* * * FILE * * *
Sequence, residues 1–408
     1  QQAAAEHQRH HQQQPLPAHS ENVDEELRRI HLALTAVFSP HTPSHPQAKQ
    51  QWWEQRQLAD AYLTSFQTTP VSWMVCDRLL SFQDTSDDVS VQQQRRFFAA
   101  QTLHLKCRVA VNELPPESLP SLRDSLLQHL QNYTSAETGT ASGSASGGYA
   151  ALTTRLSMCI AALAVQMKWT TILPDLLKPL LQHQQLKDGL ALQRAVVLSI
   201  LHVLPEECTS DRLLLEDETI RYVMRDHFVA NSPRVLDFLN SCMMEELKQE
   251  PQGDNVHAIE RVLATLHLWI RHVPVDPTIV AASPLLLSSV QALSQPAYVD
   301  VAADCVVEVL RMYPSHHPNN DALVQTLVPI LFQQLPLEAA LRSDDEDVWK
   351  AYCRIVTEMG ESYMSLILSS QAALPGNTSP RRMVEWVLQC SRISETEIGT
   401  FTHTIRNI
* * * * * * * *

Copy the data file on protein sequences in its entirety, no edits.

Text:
Sequence, residues 1–408
     1  QQAAAEHQRH HQQQPLPAHS ENVDEELRRI HLALTAVFSP HTPSHPQAKQ
    51  QWWEQRQLAD AYLTSFQTTP VSWMVCDRLL SFQDTSDDVS VQQQRRFFAA
   101  QTLHLKCRVA VNELPPESLP SLRDSLLQHL QNYTSAETGT ASGSASGGYA
   151  ALTTRLSMCI AALAVQMKWT TILPDLLKPL LQHQQLKDGL ALQRAVVLSI
   201  LHVLPEECTS DRLLLEDETI RYVMRDHFVA NSPRVLDFLN SCMMEELKQE
   251  PQGDNVHAIE RVLATLHLWI RHVPVDPTIV AASPLLLSSV QALSQPAYVD
   301  VAADCVVEVL RMYPSHHPNN DALVQTLVPI LFQQLPLEAA LRSDDEDVWK
   351  AYCRIVTEMG ESYMSLILSS QAALPGNTSP RRMVEWVLQC SRISETEIGT
   401  FTHTIRNI